Liz Lamere – “Sin”: A seductive and hypnotic track with vague disco beats and bass lines looping around Liz Lamere’s strange vocals. “‘Sin’ is loosely inspired by Dante’s Inferno and the search for meaning in the journey of life,” notes Lamere. “The message is one of redemption, as sin is not always evil, but rather offers a glimpse into the dark side of the human condition. For me, the song is more about not letting the judgment of others, of good and evil, hold you back from fully experiencing life.  Ultimately, I hope the listener will interpret the song and find meaning in their own way.” This is a song from her debut album, “Keep It Alive,” released via In The Red on May 20th, an album with a riveting set of songs that are charged with an irrepressible lust for life and the feel for the contagious hook. While “Keep It Alive” is Lamere’s first solo album, she started out playing drums in punk bands and collaborated with her late partner Alan Vega (Suicide) for over three decades on his solo work – beginning in 1990 and recently released lost album “Mutator” that launched the Vega Vault she curates with Jared Artaud. “Keep It Alive” was recorded in her lower Manhattan apartment during the lockdown, engineered by her and Alan’s son Dante Vega Lamere in the same space where the Suicide singer constructed his light sculptures. After Vega passed away in July 2016, Liz found it cathartic to write down thoughts and observations in notebooks. The vision behind the album is about preserving your own inner fire. “Alan always encouraged me to make my own music,” says Liz. “I’ve waited until the time was right as I’ve been dedicated to preserving Alan’s vision and building his legacy.”

John Errol – “Saturday Night”: Strong beats for eerie to heavily processed vocals and a nostalgic pop melody on keys; the dream-like tune is a vehicle for a recollection of the past to mirror the ways in which we rebuild history in our minds. This is Errol’s new single from his debut LP, “Inferno,” out via Flexible Distribution/Terrible Records. Speaking on the single, John wrote: “‘Kiss You on a Saturday Night’ reconsiders a relationship in its aftermath, reckoning with mutual queer destruction and how it could have been unhealthy or even abusive. I think abuse in queer relationships tends to get overlooked, and in this song and video, I tried to stare it right in the face. Much of this song is limited to my specific experience, and the lyrics and video speak to my story if you choose to look for it.  I wanted the production and song structure to be cyclical and nostalgic to mimic the regret, memory, longing, and rebuilding of the past taking place on a narrative level. Channeling darker subject matter in a sweet and simple pop vehicle allows for some interesting juxtaposition, a way to capture the slow & insidious nature of abuse. The video [directed by Nora DeLigter] is a sensitive subject matter, and I’m having difficulty explaining myself without oversharing. So much of it deals with memory and trauma, where the past and present collapse onto each other. The directors and I also wanted to pay tribute to the skyline of Los Angeles. It’s hard to find love here, and it’s just as easy to get consumed by the city itself. Ultimately, though, it was a way for me to process and portray our dance—to take the pain and fashion it into something beautiful.”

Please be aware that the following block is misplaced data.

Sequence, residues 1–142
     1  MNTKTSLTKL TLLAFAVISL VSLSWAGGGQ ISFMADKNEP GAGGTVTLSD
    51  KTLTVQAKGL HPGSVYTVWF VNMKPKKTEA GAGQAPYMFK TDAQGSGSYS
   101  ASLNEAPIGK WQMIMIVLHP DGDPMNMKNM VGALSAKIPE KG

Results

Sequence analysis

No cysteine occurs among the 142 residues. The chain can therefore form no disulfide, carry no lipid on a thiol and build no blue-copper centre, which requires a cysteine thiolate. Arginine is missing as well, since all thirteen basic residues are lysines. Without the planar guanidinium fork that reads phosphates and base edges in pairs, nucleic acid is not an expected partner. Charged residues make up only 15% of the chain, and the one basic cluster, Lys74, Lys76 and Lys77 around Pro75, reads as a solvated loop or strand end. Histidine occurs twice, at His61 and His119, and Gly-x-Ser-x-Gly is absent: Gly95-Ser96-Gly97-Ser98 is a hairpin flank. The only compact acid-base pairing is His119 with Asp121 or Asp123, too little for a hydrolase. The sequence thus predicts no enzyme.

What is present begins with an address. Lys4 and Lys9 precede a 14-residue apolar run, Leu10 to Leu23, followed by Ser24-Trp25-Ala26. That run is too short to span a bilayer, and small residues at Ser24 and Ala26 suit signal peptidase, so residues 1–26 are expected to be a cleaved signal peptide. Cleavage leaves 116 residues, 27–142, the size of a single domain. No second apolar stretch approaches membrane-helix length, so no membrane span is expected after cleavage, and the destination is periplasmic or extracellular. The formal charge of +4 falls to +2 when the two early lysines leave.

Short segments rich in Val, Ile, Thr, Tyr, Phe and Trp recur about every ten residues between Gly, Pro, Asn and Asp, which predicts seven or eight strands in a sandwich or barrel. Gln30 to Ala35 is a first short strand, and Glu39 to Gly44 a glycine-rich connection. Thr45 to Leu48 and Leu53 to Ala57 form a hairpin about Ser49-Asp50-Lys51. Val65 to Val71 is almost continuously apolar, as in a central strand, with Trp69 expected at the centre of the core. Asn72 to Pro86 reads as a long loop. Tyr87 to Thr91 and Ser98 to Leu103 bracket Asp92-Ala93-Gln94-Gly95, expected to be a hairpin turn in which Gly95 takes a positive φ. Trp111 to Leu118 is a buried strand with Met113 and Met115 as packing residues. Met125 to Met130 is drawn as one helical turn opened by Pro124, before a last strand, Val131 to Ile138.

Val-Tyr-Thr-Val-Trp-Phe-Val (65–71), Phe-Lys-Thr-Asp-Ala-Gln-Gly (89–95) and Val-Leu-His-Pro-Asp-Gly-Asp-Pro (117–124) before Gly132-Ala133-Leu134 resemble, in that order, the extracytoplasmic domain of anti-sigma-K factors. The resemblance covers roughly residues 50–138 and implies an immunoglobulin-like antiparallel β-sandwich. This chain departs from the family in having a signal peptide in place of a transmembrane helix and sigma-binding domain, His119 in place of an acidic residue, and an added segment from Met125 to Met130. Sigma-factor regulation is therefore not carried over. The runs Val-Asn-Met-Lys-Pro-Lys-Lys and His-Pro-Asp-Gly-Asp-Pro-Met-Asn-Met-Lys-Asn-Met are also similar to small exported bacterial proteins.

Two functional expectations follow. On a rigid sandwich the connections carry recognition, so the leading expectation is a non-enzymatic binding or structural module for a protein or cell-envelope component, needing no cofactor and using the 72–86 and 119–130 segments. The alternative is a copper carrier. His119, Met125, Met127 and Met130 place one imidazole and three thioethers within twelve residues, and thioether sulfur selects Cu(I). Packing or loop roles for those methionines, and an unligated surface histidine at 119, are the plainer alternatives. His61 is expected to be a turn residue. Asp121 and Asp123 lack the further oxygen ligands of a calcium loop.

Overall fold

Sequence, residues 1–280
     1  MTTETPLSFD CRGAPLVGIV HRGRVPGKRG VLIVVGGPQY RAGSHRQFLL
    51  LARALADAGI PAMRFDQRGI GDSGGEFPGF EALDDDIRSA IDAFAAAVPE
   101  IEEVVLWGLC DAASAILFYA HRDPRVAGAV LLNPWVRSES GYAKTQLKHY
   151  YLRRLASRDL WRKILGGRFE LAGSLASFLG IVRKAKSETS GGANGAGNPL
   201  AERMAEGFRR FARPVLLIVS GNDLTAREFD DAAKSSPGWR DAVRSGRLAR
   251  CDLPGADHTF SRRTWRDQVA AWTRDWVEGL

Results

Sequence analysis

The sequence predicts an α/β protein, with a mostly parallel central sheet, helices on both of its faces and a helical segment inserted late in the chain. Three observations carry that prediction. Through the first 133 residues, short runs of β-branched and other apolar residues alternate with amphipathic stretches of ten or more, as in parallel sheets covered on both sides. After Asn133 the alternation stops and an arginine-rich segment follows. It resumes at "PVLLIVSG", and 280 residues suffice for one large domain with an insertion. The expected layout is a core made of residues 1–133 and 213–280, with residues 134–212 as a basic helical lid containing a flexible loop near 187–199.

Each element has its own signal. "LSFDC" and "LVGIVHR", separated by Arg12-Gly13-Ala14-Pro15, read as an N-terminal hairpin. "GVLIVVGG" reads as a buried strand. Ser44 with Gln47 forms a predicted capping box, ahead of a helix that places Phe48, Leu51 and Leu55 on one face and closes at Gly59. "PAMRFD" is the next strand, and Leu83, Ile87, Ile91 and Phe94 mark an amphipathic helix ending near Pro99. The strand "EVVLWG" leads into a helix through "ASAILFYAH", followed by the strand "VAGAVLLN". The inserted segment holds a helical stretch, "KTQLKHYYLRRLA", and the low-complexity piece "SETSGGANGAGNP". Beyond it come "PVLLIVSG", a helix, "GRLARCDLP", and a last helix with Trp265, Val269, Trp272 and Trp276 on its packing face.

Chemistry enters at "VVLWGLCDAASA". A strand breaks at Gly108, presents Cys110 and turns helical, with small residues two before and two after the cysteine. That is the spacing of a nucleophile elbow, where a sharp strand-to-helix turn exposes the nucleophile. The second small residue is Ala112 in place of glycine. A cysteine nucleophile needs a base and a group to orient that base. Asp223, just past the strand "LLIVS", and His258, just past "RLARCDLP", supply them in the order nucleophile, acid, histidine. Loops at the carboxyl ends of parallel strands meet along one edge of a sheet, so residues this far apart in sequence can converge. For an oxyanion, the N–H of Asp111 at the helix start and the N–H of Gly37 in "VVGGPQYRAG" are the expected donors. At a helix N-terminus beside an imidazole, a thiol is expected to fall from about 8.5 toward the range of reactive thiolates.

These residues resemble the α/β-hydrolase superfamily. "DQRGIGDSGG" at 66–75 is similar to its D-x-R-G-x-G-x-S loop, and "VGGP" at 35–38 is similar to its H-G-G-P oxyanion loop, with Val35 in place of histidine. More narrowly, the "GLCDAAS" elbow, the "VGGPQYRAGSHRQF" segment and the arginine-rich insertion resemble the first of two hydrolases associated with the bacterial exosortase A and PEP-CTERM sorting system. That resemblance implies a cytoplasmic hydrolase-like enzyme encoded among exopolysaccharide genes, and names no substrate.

Sarah Kinsley – “What Was Mine”: A lush melody with classical orchestral arrangements and Sarah Kinsley’s deep acrobatics vocals for an emotional tune filled with rewarding hooks and detours. “Cypress,” the new EP from the rising New York-based singer-songwriter is set for release on June 10 via Everybody’s Music. The new music follows the release of her acclaimed 2021 EP, “The King.” The accompanying video for “What Was Mine” was directed by fellow Columbia University student and frequent creative-collaborator Lux, the video features Kinsley and her friends performing a self-choreographed dance routine. Produced by Kinsley with additional mixing from Jake Aron, “Cypress” showcases the songstress’ lofty range as an artist as it veers from one shade to another and one cascading melody into the next. The new music showcases Kinsley’s versatility as an artist as she wrote, performed, and produced the entirety of the EP.  Of the project, Kinsley recalls: “When my family and I traveled to California, nearly a month after the release of The King, I felt the strongest connection—physical, emotional, spiritual—to a place than any I had ever known before. I had spent most of my life between my small hometown in Connecticut and the vastly different island of Singapore. Driving through California, I didn’t feel at home necessarily, but I felt free. I grew attached to cypress trees, searching for them along the freeways, trying to decipher their meanings, and why I could not distract myself away from their mystique.” “I stared at the trees, searching through the slivers of light, the cracks of what might be, the life that might contain itself within the green. And this is where the EP began. Understanding that my own shying away from the dual ideas of who I was, the inability to pick up the pen, all of this was some form of hiding, protecting, saving. Perhaps a part of me felt that I might lose all of myself, if not for the cypress, if not for the thing that might save me. Can we make art and still save a part of ourselves?”